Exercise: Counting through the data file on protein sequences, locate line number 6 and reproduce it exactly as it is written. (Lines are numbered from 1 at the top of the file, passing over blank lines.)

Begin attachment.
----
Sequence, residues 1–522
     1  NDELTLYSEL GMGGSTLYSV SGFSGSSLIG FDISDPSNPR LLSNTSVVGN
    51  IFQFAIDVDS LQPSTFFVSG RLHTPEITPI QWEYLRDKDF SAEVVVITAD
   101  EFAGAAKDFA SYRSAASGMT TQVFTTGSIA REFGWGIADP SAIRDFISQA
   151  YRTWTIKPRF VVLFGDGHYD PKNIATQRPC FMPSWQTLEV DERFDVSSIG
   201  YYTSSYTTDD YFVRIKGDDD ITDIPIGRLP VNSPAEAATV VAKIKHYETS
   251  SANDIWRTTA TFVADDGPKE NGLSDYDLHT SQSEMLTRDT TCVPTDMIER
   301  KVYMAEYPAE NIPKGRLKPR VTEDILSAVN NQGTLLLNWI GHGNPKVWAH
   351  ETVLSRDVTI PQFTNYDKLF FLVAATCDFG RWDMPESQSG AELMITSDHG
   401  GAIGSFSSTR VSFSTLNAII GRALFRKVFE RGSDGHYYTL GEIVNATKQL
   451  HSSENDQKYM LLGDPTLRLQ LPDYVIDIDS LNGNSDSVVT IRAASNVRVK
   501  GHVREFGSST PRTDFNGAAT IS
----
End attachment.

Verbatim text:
   201  YYTSSYTTDD YFVRIKGDDD ITDIPIGRLP VNSPAEAATV VAKIKHYETS